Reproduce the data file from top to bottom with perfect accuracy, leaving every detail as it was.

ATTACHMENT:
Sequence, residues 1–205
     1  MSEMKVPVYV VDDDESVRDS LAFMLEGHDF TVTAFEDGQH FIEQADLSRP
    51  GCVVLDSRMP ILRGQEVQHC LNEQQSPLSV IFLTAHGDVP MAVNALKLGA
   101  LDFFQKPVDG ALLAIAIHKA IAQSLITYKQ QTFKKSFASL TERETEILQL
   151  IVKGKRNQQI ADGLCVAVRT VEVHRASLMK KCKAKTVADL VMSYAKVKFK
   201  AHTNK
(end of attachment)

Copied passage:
Sequence, residues 1–205
     1  MSEMKVPVYV VDDDESVRDS LAFMLEGHDF TVTAFEDGQH FIEQADLSRP
    51  GCVVLDSRMP ILRGQEVQHC LNEQQSPLSV IFLTAHGDVP MAVNALKLGA
   101  LDFFQKPVDG ALLAIAIHKA IAQSLITYKQ QTFKKSFASL TERETEILQL
   151  IVKGKRNQQI ADGLCVAVRT VEVHRASLMK KCKAKTVADL VMSYAKVKFK
   201  AHTNK